Credit Unions Versus Banks

Author: BankFeeInsider.com     Thursday, February 20, 2014 12:00 AM

Banks and Credit Union -- Same on the Outside, Completely Different Inside

Most people do not have a clear understanding of the differences between banks and credit unions, primarily because they do not understand what a credit union is. If people did understand the difference between a bank and a credit union, far more people would attempt to do their ''banking'' at a credit union.

Biggest Difference: Interests

A bank is a for-profit business which means that it's primary objective is to generate money. The implications of that business model tend to mean that the bank's interests come first, the client's interests come second, sometimes, a distant second.

A credit union is a not-for-profit organization. That means the primary objective of a credit union is to appease the customer. However, the fact that a credit union is not-for-profit is not the only factor that drives customer relations.

A credit union is owned by the customers. Every customer has a vote -- regardless of how much money they have in the credit union -- and that vote is used to select the board of trustees. In other words, the customers are also the bosses.

But, there is an even greater incentive for a credit union to please the customer aside from the fact that the customers are the bosses. The customers are also the owners of the credit union. That means that a not-for-profit business is owned and operated by its own customers.

Consequences of For-Profit Versus Not-for-Profit Banking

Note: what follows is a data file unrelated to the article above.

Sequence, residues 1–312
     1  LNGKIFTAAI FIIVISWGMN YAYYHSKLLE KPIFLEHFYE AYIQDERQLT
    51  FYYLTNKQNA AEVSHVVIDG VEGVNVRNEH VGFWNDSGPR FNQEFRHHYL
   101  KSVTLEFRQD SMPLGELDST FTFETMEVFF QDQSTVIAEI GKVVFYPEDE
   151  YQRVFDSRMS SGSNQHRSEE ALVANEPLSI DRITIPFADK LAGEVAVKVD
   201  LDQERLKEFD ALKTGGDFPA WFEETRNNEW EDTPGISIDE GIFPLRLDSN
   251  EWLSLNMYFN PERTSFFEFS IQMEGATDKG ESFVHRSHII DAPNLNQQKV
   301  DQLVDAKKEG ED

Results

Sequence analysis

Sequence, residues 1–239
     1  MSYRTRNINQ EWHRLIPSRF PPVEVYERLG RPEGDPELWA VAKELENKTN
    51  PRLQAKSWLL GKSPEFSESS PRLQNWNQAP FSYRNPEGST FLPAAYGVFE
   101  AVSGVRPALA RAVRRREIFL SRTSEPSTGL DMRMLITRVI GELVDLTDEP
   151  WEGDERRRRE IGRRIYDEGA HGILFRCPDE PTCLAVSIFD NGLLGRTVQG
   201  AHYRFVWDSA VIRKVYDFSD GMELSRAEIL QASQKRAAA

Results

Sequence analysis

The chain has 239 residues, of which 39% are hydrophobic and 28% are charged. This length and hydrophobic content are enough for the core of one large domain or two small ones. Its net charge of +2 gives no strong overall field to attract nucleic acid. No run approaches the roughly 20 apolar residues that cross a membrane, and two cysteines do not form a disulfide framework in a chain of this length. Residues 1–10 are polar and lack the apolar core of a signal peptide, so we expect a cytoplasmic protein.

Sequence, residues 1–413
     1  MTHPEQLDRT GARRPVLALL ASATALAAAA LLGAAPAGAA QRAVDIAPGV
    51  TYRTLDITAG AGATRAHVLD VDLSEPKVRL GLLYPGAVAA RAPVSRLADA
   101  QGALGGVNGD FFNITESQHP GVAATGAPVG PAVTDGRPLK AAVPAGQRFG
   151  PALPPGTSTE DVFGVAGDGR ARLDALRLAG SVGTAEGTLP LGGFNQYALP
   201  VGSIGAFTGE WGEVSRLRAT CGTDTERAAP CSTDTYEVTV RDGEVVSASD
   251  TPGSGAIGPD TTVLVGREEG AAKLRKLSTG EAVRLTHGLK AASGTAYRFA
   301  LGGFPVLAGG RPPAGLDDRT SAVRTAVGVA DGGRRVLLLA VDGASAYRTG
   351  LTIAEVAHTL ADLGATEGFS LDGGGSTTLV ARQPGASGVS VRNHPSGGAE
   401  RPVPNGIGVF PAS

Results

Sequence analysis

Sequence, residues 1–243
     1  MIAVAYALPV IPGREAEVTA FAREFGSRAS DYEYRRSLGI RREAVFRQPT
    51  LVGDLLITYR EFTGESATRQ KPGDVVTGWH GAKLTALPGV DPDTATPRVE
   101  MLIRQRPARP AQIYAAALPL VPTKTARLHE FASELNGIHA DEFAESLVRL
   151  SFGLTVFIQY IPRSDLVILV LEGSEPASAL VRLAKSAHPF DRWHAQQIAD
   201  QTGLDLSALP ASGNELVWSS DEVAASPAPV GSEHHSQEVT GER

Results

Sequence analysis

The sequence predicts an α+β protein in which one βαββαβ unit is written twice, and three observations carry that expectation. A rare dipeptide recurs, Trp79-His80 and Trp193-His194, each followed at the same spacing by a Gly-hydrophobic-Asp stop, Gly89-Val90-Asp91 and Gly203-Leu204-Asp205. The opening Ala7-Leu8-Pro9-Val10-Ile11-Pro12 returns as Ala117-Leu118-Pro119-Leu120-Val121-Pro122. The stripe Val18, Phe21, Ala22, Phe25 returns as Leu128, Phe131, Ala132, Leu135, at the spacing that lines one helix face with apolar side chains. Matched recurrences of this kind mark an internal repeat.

While it is easy to understand why a credit union puts customers first, it's not so evident as to how they do so. In order to understand what a credit union does in order to best serve their customers, it is important to understand what for-profit business practices banks use to generate income.

Banks

Banks must pay both the employees and the board of trustees. In addition, they need to pay for overhead costs. In order to generate the income required to cover these costs, they loan money out at the highest possible interest rate.

In addition to loaning out money at the highest rate of interest possible, they also try to loan out as much money as possible. The greater the sum of money, the more interest it accrues. These two practices lead to two results, predatory lending and a focus on corporate and commercial borrowers.

In other words, banks do not have a great deal of incentive to loan small amounts of money in the form of personal loans, small business loans, home loans, car loans etc. and they have very little motivating them to lend their money at low interest rates.

Credit Unions

Credit Unions, on the other hand, only need to generate enough money to pay the staff and overhead costs. The board of trustees of a credit union are volunteers. Additionally, since a credit union is not-for-profit, there is no incentive to seek corporate and commercial borrowers. That means a credit union's focus is on the small customers that comprise the union.

For the customer, that means smaller amounts of money can be borrowed and at lower interest rates.

 

 

Source: BFI